Computer Programmer Jobs for the United States
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Welcome to our Programmer Jobs site. Here you will find a current list of programming jobs for each state within the United States. If you are a programmer who is currently seeking employment, you should find this site useful.
Listed by State – Updated Daily
Interview Tips for the Computer Programmer
The following data should be interesting to the programmer who resides within the United States. This data comes from the Bureau of Labor Statistics.
Employment Statistics for the Computer Programmer
States with the highest concentration of computer programmers with annual salary:
(highest at top)
New Jersey $83,000
District of Columbia $73,790
New York $73,430
Top paying States with annual salary:
(highest at top)
New Jersey $83,000
Mean annual salary:
Metropolitan areas with the highest concentration of computer programmers with annual salary:
Edison, NJ Metropolitan Division $83,360
Boulder, CO $86,520
Durham, NC $82,730
Carson City, NV $69,790
Albany-Schenectady-Troy, NY $62,100
Top paying metropolitan areas:
Winchester, VA-WV $105,100
San Jose-Sunnyvale-Santa Clara, CA $100,700
Poughkeepsie-Newburgh-Middletown, NY $97,800
Rochester, MN $95,770
Santa Rosa-Petaluma, CA $94,850
Industries with the highest level of employment:
(highest at top)
Computer Systems Design and Related Services
Management of Companies and Enterprises
Top paying industries:
Computer and Peripheral Equipment Manufacturing $97,330
Monetary Authorities – Central Bank $85,620
Other Telecommunications $85,520
Other Financial Investment Activities $84,660
Securities and Commodity Contracts Intermediation and Brokerage $84,470
The typical education preparation for a computer programmer is a bachelor degree in computer science. For a limited number of programming jobs, a two year degree may be adequate. But to be competitive in this job market, you really need a four year degree and relevant experience and or certification in the area of programming you want to work.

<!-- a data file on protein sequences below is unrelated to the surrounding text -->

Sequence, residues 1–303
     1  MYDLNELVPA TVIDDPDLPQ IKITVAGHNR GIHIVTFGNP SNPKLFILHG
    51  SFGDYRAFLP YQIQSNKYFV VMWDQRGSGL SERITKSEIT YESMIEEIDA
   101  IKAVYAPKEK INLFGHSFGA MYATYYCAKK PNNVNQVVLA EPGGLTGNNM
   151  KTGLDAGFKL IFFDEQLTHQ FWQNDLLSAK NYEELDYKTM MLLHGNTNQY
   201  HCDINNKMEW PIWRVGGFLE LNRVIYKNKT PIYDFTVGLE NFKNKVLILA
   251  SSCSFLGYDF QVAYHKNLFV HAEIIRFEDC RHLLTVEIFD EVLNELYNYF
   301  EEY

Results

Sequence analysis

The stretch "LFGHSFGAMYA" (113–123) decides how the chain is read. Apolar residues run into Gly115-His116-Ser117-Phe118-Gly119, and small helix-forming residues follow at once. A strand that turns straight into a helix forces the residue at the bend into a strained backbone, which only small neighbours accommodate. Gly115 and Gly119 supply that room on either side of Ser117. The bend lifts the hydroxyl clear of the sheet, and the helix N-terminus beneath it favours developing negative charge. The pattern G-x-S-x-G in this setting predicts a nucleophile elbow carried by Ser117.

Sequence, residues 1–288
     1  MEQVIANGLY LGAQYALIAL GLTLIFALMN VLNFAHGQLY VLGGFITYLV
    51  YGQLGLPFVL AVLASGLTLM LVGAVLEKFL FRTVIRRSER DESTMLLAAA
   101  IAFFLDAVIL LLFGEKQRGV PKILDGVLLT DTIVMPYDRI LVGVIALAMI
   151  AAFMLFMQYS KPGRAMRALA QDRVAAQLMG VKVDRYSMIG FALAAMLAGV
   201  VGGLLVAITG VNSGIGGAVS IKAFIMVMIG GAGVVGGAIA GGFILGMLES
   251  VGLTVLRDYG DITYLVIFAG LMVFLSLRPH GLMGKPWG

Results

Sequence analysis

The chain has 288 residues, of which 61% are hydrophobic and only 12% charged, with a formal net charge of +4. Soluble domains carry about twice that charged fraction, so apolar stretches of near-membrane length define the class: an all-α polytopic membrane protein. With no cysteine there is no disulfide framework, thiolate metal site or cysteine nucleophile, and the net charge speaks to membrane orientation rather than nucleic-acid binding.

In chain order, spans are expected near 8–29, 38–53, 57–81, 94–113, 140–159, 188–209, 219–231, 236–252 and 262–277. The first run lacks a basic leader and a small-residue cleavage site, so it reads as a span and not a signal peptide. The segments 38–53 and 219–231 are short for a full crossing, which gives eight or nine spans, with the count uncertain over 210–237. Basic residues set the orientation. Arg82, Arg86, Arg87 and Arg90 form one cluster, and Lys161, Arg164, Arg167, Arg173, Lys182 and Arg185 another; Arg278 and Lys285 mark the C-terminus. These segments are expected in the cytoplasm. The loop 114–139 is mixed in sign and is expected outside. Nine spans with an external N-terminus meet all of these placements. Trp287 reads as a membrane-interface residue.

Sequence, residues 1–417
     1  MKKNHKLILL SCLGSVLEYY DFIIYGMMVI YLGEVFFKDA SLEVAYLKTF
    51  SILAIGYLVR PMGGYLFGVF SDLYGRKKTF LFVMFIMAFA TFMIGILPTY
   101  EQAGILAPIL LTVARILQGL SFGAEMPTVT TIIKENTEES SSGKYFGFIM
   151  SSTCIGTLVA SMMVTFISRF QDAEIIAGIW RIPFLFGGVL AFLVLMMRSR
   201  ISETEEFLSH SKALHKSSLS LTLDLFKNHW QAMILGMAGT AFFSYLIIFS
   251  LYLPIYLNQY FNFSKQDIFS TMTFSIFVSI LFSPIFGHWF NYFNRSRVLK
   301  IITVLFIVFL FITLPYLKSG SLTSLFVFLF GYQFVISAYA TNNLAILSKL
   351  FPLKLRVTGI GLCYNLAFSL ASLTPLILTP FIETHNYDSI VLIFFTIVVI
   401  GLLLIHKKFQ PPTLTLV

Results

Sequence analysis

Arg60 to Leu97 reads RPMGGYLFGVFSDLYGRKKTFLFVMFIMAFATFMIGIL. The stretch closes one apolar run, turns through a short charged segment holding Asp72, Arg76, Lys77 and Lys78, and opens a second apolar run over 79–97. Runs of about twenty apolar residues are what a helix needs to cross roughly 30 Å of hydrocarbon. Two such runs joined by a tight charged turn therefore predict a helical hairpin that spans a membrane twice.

If you want to be a system programmer, you must have a bachelor degree and must be able to work with database systems, such as DB2, Oracle, or Sybase. Knowledge of traditional programming languages is important, but today employers are putting a greater emphasis on object-oriented languages such as C++ and Java. Certification and or experience in these programming languages is needed if you want to be competitive in today’s job market.
The bottom line to educational preparation to be a computer programmer is that you need relevant experience, certification, and or appropriate technical training in the specific computer programming language or languages that you want to work in. A college degree gives you a foundation for the building of these necessary credentials.
Employment of computer programmers is expected to decline slowly, decreasing by 4% during the time period of 2006 to 2016. This is due in part to offshore outsourcing and programming jobs now being completed by other computer workers such as computer software engineers. Programmers with a bachelors degree and experience with a variety of programming languages and tools will have the best job prospects.
Although employment for programmers is expected to decline, job openings will result from programmers leaving the profession. The languages that are in demand today include C++, Java, and other object-oriented languages, and job prospects will be best for those programmers who have expertise with these programming languages.
Source for the above data:
Bureau of Labor Statistics
For more information about the computer programmer go to Occupational Outlook Handbook provided by the Bureau of Labor Statistics.
How To Leave Your Dead End Job
This is for everyone who is sticking with a job that no longer fits. Maybe it was right for awhile, for a certain time and place in your life. But not anymore. When was the last time you jumped out of bed with excitement about what the day would bring?
“But I love the people I work with.”
“It’s so convenient.”
“The money’s pretty decent, considering… “
I’ve heard all the excuses. Hell, I’ve made them. You know that job is sucking your soul and it’s time to leave. The only thing left to decide is how.
Above all, you want it to be your decision. Don’t let boredom and apathy lead to an attitude that gets you fired or passed over. Who wants to work with a burnout no matter how skilled they are?
The number one reason people stay in bad jobs is fear of the unknown. Are you hanging on to something that doesn’t fit just because it’s familiar? What if the unknown wasn’t scary? What if it was filled with joy and delightful possibilities? Sure, there’s that transition period where you leave what you can do in your sleep and head into new territory. I assure you that the downhill slide of staying too long is far greater than the steepness of a little learning curve. How might you make unknown territory more comfortable? Go here to read this entire article
Job Interview Advice for the Computer Programmer